Universidad Complutense de Madrid
E-Prints Complutense

Magnesite formation by microbial activity: Evidence from a Miocene hypersaline lake

Impacto

Downloads

Downloads per month over past year

Sanz Montero, M. Esther and Rodríguez Aranda, Juan Pablo (2012) Magnesite formation by microbial activity: Evidence from a Miocene hypersaline lake. Sedimentary geology, 263-64 . pp. 6-15. ISSN 0037-0738

[img]
Preview
PDF
Creative Commons Attribution Non-commercial No Derivatives.

2MB

Official URL: https://www.journals.elsevier.com/sedimentary-geology



Abstract

This paper provides an ancient analogue for biologically mediated magnesite in lacustrine hypersaline environments. Thin beds of massive to crudely laminated magnesitic marls occur interbedded with mudstone and evaporite facies deposited in a saline lake-mudflat sedimentary system during the Lower Miocene in the Madrid Basin, Central Spain. Exposure of this succession in a recently excavated tunnel and in collected cores offered a good opportunity to study magnesite precipitates that have been preserved in unaltered conditions by primary evaporitic minerals. Specifically, magnesite arranged as host matrix between and enclosed by displacive halite and glauberite crystals occurs closely associated with abundant microfossils embedded in sheets of organic matter, interpreted as the remains of extracellular polymeric substances (EPS). Even, many magnesite clots are seen to have resulted from the agglutination of fossilized bacterial bodies forming a biofilm. The close and pervasive association of microorganisms and magnesite is used as evidence that microbes played a fundamental role in the precipitation of this mineral. Additional traces of microorganisms and microbial activity observed in magnesite beds include the isotopic ratios in the carbonates, with the δ13C(PDB) value averaging −6.2‰, the presence of carbonaceous film-like structures and the association with patchly-distributed pyrite and celestite minerals. On the basis of the combined sedimentological, mineralogical, chemical and morphological signatures of the magnesitic deposits, it is postulated that carbonate crystals precipitated in microbial mats. Magnesite crystals together with celestite, local barite, and/or pyrite have been also observed to replace silicate and sulphate minerals. It is suggested that magnesite precipitation was biochemically coupled with the early dissolution of the associated sedimentary minerals. Microbes may have used the associated minerals as source of energy and/or of essential elements.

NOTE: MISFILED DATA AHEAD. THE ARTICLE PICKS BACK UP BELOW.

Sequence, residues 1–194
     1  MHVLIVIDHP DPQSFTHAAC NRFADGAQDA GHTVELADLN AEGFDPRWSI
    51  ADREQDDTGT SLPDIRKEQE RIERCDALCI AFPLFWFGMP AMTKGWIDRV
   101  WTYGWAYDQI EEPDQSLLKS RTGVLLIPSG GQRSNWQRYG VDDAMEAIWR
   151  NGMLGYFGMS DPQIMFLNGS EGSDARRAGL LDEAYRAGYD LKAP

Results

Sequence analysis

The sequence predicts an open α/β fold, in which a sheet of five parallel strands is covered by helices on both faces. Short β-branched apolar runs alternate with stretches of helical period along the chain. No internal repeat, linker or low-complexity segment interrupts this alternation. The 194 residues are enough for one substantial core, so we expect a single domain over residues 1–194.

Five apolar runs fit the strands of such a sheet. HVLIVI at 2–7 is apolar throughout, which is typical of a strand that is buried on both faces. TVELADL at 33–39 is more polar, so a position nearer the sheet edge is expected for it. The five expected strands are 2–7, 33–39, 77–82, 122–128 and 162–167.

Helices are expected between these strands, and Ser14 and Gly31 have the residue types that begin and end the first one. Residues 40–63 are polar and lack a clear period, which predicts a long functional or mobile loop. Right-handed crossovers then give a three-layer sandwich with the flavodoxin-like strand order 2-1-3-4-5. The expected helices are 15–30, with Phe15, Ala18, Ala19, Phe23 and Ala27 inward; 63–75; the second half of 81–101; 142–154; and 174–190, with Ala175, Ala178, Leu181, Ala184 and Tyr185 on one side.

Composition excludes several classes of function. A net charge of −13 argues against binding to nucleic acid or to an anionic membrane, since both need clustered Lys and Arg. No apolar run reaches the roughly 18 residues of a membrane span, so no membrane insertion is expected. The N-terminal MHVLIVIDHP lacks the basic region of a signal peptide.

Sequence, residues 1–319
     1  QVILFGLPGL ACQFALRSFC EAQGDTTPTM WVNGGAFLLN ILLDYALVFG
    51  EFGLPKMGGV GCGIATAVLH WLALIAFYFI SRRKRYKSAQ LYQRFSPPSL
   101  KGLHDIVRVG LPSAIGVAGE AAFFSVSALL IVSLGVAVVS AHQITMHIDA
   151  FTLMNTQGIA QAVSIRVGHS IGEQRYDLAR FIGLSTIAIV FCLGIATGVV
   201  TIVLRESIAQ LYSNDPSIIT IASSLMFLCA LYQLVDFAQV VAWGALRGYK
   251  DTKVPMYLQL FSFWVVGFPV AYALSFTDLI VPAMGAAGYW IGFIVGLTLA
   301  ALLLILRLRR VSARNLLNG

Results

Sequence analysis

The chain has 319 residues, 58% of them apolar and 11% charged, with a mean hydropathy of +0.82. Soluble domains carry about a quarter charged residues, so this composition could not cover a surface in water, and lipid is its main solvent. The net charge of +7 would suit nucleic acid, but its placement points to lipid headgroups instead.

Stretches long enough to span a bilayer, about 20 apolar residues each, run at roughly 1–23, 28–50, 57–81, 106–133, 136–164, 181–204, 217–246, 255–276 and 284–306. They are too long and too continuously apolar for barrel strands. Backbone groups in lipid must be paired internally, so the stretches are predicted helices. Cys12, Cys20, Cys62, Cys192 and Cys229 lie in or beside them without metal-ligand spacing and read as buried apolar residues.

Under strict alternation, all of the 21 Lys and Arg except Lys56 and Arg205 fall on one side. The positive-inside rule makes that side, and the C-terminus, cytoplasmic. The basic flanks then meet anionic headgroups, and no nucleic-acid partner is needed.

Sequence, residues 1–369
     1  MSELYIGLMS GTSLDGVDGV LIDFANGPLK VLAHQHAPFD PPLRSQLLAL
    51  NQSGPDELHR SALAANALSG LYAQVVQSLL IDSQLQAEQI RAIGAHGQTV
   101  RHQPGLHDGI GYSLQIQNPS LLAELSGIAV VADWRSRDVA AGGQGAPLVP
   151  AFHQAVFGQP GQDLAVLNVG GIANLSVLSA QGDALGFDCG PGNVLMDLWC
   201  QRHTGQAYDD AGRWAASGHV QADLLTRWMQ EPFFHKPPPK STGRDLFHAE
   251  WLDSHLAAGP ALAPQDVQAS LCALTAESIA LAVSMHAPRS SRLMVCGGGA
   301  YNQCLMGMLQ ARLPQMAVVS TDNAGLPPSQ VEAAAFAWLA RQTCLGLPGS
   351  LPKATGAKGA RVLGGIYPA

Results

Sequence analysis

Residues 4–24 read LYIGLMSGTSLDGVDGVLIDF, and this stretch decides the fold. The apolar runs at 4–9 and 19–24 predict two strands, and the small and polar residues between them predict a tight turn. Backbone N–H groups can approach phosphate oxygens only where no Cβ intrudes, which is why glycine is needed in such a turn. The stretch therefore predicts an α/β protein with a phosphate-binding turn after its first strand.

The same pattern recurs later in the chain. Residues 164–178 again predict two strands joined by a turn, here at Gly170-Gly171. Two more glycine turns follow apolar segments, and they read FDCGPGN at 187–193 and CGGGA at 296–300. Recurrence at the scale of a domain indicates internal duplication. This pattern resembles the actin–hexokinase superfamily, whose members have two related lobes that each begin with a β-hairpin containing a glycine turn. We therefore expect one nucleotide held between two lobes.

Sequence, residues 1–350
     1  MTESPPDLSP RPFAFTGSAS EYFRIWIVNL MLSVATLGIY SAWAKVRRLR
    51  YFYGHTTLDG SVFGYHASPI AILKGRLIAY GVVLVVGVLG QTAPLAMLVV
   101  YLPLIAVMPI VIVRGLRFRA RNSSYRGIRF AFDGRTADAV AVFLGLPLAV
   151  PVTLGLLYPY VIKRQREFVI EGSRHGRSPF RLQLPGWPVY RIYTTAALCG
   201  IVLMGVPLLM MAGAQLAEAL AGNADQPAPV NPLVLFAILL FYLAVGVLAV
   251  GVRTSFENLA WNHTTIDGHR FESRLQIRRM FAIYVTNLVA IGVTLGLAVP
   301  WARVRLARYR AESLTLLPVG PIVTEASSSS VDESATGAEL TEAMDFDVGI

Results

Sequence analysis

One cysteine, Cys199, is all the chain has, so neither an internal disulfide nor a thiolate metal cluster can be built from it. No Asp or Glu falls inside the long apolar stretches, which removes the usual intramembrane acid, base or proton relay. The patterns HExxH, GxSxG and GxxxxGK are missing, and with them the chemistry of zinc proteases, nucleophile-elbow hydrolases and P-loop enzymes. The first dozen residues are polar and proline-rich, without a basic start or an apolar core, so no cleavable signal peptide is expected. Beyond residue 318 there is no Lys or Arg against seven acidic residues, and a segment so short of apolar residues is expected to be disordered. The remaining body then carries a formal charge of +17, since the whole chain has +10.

Item Type:Article
Uncontrolled Keywords:Magnesite, Halite, Bacterial entrapment, Inclusions, Glauberite, Bioweathering
Subjects:Sciences > Geology > Mineralogy
Sciences > Geology > Petrology
ID Code:58529
Deposited On:14 Jan 2020 12:51
Last Modified:14 Jan 2020 12:55

Origin of downloads

Repository Staff Only: item control page